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Making A Quick And Effective Boundary Microphone

Taking advantage of the "pressure zone".

A small omnidirectional microphone element can be a versatile tool. Mics of this type are available from most of the major manufacturers. Their small size allows them to be placed very close to sound sources, even inside of instruments.

The pickup pattern of a small mic element can be modified by the use of boundaries. When a sound wave encounters a boundary, there is a small region near the boundary where the incoming and reflected wave are effectively synchronous in phase due to the very small time offset between them. This “pressure zone” is very tiny at high frequencies and becomes increasingly deeper at low frequencies (long wavelengths).

\If a mic is placed in the pressure zone, then it’s voltage output will be roughly doubled over what it would be in free space, resulting in a 6 dB increase in output level from the mic. If multiple boundaries are used, the increase will be even greater.

This same technique has been successfully used with low frequency loudspeakers for many years, the so-called “ground stacked” subwoofer configuration.

Figure 1

The boundary size must be large enough to reflect the lowest frequency of interest. Wavelengths that are large relative to the boundary size will simply diffract around it rather than be reflected.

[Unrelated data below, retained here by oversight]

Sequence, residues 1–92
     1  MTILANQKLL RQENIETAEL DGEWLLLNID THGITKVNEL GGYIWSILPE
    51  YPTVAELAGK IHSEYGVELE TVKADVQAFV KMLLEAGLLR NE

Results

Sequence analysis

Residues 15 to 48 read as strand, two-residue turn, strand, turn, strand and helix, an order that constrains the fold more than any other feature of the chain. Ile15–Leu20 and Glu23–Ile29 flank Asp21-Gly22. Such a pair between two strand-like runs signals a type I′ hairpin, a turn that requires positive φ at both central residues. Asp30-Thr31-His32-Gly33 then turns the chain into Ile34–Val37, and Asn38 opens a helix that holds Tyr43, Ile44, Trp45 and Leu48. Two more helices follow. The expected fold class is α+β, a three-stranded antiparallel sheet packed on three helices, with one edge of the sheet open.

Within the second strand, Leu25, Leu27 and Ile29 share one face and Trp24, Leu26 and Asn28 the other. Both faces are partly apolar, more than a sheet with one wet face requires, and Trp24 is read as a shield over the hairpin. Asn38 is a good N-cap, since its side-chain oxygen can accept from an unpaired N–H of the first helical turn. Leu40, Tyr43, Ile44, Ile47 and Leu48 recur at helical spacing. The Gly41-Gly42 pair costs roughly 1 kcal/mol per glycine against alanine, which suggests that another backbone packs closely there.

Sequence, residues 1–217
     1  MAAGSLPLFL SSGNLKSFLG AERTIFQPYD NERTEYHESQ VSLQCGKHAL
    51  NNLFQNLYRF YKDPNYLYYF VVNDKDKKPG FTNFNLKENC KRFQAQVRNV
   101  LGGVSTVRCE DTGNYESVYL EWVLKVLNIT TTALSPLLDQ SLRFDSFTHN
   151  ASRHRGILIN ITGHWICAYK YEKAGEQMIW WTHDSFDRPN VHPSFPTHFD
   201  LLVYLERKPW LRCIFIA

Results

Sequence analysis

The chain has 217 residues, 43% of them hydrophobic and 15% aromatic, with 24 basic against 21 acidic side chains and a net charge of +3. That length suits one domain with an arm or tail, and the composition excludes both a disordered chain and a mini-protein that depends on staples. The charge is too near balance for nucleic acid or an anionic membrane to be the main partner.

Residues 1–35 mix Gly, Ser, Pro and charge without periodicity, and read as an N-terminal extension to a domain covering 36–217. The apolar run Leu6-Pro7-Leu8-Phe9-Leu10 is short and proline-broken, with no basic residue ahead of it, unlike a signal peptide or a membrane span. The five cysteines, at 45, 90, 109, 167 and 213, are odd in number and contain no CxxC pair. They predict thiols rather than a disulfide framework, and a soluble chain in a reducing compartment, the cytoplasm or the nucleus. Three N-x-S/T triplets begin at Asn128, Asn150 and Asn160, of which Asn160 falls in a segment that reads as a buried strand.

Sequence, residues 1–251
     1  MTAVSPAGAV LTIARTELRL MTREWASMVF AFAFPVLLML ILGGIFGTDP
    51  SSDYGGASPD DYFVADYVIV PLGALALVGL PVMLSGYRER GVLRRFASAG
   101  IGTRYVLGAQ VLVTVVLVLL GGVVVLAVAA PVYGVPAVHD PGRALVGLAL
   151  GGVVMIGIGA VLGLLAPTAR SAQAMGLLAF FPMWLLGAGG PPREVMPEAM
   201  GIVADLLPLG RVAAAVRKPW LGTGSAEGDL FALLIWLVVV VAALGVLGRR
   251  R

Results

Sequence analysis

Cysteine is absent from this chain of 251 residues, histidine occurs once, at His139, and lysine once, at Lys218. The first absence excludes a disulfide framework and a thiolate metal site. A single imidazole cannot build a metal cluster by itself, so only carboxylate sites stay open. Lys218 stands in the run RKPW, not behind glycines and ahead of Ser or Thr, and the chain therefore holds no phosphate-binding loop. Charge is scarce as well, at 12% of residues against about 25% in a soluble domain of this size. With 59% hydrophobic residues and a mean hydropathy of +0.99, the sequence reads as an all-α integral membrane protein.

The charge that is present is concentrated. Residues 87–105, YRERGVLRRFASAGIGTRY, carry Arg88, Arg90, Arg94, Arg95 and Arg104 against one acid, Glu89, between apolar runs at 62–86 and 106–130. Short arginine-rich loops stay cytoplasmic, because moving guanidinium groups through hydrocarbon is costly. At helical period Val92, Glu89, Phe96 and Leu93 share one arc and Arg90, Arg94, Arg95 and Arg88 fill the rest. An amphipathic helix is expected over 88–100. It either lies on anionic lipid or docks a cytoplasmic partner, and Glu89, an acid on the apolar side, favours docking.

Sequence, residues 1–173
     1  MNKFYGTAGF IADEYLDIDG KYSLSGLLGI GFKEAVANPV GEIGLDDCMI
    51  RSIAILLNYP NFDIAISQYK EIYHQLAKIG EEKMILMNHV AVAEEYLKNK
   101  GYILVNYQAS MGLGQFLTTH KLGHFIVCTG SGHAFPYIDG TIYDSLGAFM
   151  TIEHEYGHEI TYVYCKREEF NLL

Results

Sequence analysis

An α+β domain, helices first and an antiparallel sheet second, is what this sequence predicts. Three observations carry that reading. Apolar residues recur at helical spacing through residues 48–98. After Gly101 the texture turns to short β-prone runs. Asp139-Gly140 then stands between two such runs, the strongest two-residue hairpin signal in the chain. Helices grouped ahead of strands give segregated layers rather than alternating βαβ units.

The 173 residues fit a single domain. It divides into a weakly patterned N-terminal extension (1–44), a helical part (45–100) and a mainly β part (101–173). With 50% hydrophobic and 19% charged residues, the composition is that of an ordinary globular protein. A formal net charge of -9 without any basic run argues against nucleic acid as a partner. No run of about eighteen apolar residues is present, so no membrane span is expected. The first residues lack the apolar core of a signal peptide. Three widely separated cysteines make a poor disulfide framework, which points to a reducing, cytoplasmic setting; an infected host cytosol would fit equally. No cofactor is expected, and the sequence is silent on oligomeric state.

The required size can be roughly estimated by making the boundary about one wavelength across at the lowest frequency of interest. For this reason, broadband boundary mics must use a large boundary or a major room surface (floor, wall, ceiling) to achieve the increased output.

Figures A-C

A simple but effective way of fabricating a versatile boundary is to use a CD jewel case. Unhinge the cover of the case and reverse it. This creates a smooth “corner” for the mic to be placed in.

The jewel case, used in conjunction with a table top or the floor, can easily be configured to provide two or three boundaries for the mic. Figure 1 shows the magnitude response of each of the boundary configurations pictured in Figures A-C. Both provide a useful directivity increase in the articulation region of the human voice.

The effect can be extended to lower frequencies by increasing boundary size. I recently used two 3-foot by 3-foot plexiglass boundaries to create a corner to mic for a Christmas play. It’s like the CD jewel case, but works for the entire speech range.

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